Introducing Common Assignment


As the Common Core began its rise in the consciousness of American public education, various hopes and aspirations rose with it. Perhaps, every student in the country could grow with the same content and skills as their focus in the classroom. Maybe, the differences that made some states stronger could spread across the entire county. And just maybe, a common assessment and unit of study could be created from various viewpoints that originate from states a thousand miles apart.

It’s important to review this as a frame of reference for the birth of the Common Assignment Study. Without the Common Core, projects like this would be a mess to try to coordinate. The overall project aims to help teachers

“engage with, contribute to, and learn from their peers.” –

An environment of collaboration can be difficult to cultivate; however, the final goal is to improve student achievement and no teacher disagrees with that motivation.

Phase 1: Initialization

Our journey started in a conference room in Seattle, Washington last July. As a member of the social studies high school team, we began with discussions of topics, when we teach them, and some general outlines of how we teach them. Although the conversations started without a clear idea of what the end product might look like, it helped everyone at the table get to know how the teachers in the room approached content in their classroom. Approaches varied, but the commonalities were striking.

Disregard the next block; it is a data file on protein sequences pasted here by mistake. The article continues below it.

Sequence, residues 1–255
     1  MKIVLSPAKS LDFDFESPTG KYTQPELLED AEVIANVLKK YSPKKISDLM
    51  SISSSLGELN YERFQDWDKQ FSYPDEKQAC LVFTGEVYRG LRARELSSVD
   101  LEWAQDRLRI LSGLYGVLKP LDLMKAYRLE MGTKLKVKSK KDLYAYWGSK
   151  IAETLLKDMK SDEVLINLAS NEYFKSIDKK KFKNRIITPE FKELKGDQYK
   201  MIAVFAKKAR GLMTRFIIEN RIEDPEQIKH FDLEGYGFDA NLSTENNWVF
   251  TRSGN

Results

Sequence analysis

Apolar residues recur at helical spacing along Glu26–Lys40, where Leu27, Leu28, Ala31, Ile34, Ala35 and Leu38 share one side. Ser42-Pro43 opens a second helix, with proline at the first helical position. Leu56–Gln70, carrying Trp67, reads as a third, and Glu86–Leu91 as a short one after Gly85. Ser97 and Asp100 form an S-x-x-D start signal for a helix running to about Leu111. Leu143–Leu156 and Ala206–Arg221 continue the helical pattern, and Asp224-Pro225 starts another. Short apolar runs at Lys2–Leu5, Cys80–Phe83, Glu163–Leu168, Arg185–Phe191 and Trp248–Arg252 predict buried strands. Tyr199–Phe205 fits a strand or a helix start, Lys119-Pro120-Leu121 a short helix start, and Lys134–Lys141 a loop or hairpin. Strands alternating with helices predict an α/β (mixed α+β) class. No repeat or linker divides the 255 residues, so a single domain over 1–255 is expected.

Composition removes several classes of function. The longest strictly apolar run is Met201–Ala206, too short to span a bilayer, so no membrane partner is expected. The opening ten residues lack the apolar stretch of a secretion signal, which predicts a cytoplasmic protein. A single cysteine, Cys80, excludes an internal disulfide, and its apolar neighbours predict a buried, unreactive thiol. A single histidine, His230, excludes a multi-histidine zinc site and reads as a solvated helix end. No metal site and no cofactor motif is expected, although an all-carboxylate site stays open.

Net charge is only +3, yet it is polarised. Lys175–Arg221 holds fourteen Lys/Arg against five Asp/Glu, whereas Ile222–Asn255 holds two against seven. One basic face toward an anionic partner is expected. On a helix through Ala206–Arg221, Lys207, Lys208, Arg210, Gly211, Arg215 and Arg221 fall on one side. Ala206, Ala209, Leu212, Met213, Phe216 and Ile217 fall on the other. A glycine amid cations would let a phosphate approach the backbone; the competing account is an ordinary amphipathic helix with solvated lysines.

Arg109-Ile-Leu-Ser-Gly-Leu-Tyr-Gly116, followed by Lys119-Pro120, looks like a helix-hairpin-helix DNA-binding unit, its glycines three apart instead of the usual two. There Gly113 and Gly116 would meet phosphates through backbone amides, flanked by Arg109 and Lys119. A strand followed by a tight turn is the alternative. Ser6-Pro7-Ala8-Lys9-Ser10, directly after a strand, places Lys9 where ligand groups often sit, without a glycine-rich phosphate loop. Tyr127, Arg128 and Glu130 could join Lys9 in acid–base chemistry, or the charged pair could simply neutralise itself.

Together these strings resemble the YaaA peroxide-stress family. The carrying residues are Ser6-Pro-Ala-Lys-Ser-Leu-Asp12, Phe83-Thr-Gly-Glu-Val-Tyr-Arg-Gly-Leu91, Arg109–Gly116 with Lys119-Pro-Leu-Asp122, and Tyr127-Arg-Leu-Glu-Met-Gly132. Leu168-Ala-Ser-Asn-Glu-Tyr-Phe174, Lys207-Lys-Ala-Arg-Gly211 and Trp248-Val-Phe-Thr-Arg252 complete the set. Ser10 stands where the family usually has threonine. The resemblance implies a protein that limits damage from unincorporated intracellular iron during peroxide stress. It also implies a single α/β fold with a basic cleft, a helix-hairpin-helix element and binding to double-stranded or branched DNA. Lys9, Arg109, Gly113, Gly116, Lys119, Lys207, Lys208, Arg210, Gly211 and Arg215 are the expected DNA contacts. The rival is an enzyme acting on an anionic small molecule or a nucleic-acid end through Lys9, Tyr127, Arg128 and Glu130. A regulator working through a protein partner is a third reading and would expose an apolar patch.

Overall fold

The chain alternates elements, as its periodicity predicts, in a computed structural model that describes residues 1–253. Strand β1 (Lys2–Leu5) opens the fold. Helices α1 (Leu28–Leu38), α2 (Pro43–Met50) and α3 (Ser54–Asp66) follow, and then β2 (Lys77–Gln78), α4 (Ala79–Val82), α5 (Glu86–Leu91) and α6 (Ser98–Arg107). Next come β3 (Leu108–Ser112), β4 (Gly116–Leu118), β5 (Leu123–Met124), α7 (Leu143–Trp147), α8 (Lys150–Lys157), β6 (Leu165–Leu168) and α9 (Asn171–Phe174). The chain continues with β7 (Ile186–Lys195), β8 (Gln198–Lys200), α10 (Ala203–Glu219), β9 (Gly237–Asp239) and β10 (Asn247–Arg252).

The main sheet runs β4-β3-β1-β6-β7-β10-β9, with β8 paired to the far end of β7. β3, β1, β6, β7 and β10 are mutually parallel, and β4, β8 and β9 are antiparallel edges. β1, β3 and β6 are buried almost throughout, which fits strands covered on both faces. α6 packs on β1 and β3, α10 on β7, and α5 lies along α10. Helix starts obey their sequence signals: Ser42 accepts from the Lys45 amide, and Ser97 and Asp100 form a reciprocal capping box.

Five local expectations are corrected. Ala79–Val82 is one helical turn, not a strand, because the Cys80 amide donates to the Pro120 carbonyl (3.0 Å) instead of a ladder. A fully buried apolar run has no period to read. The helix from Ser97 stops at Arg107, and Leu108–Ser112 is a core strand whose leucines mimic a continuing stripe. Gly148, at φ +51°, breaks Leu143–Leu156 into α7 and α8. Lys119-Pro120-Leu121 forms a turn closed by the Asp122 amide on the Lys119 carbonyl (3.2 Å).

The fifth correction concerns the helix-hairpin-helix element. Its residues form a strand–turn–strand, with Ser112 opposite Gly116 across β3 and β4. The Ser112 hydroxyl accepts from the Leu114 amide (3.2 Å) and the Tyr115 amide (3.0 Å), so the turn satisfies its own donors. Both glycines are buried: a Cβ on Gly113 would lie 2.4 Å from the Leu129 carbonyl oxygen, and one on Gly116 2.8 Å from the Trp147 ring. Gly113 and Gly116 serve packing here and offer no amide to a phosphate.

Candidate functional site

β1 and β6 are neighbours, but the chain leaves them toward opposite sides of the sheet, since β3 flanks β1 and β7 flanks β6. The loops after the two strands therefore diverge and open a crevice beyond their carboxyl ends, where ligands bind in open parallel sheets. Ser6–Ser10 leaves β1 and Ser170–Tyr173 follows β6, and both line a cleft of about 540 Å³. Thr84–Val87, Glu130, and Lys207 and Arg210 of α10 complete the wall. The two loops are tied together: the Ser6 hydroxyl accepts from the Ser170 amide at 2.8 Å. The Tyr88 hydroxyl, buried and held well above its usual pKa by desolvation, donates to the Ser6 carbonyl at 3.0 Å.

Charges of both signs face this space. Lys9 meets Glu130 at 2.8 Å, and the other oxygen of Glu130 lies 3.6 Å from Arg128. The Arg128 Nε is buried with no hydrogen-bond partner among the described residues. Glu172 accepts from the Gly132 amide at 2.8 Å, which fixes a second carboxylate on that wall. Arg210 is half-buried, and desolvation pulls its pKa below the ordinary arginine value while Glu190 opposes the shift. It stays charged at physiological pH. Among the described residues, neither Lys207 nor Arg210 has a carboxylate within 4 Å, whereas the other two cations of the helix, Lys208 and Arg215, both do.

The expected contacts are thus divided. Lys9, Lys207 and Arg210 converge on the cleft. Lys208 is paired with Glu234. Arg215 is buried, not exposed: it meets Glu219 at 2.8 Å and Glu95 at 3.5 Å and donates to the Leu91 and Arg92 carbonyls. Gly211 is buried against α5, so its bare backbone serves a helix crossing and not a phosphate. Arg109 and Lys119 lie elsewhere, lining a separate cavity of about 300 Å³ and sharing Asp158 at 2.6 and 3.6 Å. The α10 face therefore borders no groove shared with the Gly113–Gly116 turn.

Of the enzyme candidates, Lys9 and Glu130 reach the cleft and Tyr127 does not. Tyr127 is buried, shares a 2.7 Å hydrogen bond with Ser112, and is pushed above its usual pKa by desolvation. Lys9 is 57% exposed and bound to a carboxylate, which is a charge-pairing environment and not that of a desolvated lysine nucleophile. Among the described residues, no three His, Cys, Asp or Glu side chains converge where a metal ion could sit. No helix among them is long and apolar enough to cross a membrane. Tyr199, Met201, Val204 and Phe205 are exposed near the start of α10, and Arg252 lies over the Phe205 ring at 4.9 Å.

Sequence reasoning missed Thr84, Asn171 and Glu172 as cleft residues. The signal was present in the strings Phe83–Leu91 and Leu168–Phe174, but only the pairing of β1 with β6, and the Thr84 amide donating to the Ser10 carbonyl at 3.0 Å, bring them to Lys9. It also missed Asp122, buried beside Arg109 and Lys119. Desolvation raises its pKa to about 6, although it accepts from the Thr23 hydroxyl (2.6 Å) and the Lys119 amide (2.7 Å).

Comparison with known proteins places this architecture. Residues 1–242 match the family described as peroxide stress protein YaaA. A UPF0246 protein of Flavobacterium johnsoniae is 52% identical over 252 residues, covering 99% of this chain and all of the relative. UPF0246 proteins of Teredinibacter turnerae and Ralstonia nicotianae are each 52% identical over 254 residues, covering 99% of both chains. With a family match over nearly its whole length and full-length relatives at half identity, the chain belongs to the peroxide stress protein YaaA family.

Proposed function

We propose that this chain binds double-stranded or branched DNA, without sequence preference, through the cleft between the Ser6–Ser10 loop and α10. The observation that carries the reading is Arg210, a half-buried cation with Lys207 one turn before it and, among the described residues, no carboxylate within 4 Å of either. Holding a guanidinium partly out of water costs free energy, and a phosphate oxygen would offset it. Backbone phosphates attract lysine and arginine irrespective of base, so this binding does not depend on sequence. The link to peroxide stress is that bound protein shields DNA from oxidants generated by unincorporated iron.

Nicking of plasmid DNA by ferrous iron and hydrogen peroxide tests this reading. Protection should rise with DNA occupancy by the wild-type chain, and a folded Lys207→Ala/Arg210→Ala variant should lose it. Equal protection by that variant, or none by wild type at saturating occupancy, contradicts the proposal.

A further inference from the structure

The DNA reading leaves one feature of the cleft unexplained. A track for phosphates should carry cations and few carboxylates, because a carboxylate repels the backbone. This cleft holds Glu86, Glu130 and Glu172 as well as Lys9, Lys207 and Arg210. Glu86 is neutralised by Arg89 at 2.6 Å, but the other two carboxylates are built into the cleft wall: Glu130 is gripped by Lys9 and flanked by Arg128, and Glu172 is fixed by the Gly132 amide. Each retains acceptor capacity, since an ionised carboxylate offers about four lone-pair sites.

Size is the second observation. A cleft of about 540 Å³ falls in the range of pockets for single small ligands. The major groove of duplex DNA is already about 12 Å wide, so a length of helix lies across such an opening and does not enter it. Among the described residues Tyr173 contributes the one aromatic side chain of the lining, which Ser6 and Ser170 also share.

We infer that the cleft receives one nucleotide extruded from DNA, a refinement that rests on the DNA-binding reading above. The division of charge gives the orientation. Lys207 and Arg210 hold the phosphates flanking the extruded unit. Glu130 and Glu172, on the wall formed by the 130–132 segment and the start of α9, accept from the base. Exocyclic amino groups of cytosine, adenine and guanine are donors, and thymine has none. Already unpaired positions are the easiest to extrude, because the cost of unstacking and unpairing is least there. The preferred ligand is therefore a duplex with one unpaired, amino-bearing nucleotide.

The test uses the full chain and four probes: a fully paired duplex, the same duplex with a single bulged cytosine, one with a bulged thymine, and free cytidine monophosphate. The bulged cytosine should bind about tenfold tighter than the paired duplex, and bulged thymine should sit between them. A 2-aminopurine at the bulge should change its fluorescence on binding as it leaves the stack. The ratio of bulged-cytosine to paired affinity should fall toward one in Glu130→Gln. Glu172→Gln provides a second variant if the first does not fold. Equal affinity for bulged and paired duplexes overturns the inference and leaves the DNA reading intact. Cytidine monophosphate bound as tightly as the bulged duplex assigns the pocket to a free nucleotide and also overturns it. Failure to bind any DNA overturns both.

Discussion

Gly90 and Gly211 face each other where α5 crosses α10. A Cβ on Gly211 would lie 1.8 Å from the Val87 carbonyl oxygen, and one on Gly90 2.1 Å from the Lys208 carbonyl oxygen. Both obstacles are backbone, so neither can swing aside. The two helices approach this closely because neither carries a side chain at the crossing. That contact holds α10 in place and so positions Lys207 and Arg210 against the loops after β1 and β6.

After selecting a topic, we moved on to defining the central questions and goals for the unit. Within social studies, no common content standards exist across states. Colorado approaches the content with a completely different mindset than that of Kentucky; one focuses on skills related to content, where the other emphasizes content knowledge and historical information. This dichotomy created a schism that needed bridged before forward progress could be made. This conversation proved to be a sticking point throughout the process, but the initial discussions led to an enrichment of the final product. Strong collaboration made it work, and made it work well. In that process, all the credit must go to the teachers at the table. All were willing to look at their content through a different lens, open to creating a superior unit that would enhance their students’ learning. Without that buy-in, the Common Assignment Study would have ended in a failure.

From that point, we worked through and discussed how we could incorporate engaging activities that were proven in the classroom and develop the proper assessments to measure student growth as they stretch towards the final writing piece. Using LDC (Literacy Design Collaborative) as the baked-in final assessment, the social studies team worked to create a unit with logical benchmarks throughout the unit, with activities that fit the skills required and the content needed to respond with logical answers.  LDC skills were added to ensure that students had the tools necessary to create a quality written product.

The team left Seattle exhausted, but with an instructional unit that could be implemented into the classroom.


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